EU should abandon national vetoes – German chancellor
Olaf Scholz insists it’s the only way for the bloc to maintain a leading role in global politics
If the European Union hopes to compete in global politics, it can no longer afford to allow individual member states to veto the bloc’s actions, German Chancellor Olaf Scholz said in an article published by the Frankfurter Allgemeine newspaper on Sunday.
Arguing that the EU should become a geopolitical actor, the German leader highlighted the importance of unity in Europe in light of the ongoing conflict between Russia and Ukraine. He insisted it was time to put an end to the “selfish blockades” of EU decisions by individual members.
“We simply can no longer afford national vetoes, for example in foreign policy, if we want to continue to be heard in a world of competing great powers,” he wrote.
Under current EU rules, any policy decisions within the bloc must be approved by all 27 member states. However, after countries like Hungary and Slovakia held up the implementation of the EU’s sixth sanctions package against Russia due to energy concerns, some have called for the bloc’s principle of unanimity to be abandoned.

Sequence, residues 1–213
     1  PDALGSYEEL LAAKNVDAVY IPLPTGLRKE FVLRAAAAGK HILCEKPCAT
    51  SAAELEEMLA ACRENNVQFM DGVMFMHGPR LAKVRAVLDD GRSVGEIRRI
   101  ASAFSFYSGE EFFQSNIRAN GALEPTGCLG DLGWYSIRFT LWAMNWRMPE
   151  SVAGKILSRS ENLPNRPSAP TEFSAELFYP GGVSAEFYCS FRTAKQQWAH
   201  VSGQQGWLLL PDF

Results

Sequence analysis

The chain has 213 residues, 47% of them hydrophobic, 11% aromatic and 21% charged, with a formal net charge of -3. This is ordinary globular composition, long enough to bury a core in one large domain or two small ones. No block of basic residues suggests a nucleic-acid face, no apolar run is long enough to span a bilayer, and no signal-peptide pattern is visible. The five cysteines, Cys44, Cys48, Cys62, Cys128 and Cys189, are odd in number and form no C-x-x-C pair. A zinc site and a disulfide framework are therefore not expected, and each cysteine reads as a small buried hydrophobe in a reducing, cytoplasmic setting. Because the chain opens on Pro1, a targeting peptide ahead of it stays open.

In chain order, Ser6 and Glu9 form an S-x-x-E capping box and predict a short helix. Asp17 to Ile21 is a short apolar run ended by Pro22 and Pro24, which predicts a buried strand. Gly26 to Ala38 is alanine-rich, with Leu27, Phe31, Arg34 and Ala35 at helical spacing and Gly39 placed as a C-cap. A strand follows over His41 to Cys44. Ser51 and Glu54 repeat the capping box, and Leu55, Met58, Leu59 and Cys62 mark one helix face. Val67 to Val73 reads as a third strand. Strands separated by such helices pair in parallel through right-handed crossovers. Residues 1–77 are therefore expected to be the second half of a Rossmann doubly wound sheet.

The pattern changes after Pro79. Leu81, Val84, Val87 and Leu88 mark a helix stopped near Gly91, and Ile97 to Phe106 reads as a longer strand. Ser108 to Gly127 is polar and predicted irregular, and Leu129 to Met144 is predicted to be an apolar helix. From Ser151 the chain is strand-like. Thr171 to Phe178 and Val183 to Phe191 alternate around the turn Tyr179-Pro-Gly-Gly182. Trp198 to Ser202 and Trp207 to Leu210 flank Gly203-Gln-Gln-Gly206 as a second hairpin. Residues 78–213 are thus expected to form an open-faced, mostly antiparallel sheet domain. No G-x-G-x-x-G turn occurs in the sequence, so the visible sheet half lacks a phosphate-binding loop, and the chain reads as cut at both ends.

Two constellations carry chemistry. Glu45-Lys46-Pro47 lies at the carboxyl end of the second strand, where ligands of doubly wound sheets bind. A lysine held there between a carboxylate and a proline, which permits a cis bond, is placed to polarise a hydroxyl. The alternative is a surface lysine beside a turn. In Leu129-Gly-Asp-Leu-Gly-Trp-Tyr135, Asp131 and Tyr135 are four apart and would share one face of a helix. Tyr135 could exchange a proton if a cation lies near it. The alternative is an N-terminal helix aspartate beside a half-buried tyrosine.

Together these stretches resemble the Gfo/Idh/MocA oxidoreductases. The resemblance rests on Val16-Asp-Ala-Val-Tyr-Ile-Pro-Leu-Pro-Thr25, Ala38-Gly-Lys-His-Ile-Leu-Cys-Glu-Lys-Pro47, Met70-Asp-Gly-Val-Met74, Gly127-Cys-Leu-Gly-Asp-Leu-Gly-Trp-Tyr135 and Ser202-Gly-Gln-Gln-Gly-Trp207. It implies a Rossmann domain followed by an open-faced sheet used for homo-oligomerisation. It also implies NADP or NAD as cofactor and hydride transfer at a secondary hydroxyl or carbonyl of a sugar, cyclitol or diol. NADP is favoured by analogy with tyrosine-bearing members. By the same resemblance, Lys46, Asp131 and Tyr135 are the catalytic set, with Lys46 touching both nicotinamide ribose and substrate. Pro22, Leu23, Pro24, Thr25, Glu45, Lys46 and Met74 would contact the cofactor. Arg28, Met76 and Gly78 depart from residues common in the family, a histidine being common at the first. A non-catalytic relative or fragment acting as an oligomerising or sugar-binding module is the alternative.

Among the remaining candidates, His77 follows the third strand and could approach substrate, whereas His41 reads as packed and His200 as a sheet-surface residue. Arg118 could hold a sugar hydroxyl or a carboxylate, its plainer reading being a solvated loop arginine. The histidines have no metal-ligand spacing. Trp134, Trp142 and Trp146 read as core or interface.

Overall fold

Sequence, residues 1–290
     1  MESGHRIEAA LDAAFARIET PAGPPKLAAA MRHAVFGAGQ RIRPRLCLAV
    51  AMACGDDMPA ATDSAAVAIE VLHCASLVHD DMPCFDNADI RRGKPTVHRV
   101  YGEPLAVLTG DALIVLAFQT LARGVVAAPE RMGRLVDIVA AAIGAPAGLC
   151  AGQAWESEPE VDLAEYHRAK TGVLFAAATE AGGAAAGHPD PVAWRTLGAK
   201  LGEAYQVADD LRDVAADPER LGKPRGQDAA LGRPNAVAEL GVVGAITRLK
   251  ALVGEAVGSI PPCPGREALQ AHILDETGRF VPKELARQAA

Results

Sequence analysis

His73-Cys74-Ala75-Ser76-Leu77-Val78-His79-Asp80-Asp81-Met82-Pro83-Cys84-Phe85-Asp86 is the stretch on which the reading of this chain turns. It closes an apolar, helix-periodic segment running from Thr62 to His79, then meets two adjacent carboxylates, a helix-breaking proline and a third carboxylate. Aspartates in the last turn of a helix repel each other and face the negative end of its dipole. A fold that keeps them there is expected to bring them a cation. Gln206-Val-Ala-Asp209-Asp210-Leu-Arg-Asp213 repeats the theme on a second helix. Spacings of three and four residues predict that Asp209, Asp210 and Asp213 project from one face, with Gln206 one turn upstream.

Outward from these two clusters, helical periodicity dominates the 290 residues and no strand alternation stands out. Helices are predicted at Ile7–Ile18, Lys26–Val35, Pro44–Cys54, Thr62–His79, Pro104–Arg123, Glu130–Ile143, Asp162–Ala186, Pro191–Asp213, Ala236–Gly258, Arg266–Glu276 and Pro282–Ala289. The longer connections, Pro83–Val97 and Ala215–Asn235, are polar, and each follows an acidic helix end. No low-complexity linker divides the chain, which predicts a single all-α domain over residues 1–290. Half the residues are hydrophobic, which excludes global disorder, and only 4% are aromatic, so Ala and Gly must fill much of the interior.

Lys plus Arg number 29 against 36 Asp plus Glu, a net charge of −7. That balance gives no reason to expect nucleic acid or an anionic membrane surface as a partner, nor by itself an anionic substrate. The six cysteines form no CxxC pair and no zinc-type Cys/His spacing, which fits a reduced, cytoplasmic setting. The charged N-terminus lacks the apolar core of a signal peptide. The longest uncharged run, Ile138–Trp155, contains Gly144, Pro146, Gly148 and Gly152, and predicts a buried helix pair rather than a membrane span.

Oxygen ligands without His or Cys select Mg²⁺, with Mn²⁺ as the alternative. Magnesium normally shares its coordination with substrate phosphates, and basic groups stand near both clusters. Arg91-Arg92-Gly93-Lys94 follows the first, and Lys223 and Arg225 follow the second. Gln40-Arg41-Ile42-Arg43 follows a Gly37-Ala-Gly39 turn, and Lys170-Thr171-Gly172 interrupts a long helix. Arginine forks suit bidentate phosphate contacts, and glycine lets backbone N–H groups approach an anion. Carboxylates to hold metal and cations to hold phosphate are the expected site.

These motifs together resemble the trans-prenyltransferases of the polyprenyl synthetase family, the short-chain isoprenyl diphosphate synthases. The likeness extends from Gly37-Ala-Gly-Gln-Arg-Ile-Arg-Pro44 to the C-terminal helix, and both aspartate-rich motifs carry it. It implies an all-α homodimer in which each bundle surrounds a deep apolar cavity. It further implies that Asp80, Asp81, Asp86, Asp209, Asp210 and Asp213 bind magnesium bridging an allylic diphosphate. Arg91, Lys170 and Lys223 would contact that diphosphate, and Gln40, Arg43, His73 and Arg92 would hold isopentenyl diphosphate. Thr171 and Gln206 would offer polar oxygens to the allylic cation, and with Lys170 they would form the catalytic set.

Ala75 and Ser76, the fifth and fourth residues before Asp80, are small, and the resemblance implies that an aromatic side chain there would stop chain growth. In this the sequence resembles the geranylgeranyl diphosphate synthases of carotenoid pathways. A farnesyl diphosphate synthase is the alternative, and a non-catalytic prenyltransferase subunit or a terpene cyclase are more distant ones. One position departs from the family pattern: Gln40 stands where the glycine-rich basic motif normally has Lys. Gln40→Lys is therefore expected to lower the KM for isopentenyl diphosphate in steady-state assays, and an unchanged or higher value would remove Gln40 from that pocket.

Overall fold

Last month, EU Commission President Ursula von der Leyen told Politico that the union should ditch the unanimity requirement in matters of foreign policy and should move to qualified majority voting. She noted that “the speed at which things happen” was too slow and that it was important for the “European voice” to be heard and seen without one single member being able to block it.
In his article, Scholz also stated that the EU had been weakened by “permanent disunity” and “permanent dissent between member states,” claiming that unity was Europe’s most important response to the “change of times.”
He suggested that one of the ways unity across Europe and other democratic countries could be achieved was if Germany “assumes responsibility for Europe and the world in these difficult times.”
Scholz noted that Germany could bring together “East and West, North and South in Europe” since it was located in the middle of the continent and was a country that “lay on both sides of the Iron Curtain.”
The chancellor added that it was important to “close our ranks” in all areas in which Europe has been struggling, such as migration policy, European defense, technological sovereignty, and “democratic resilience.”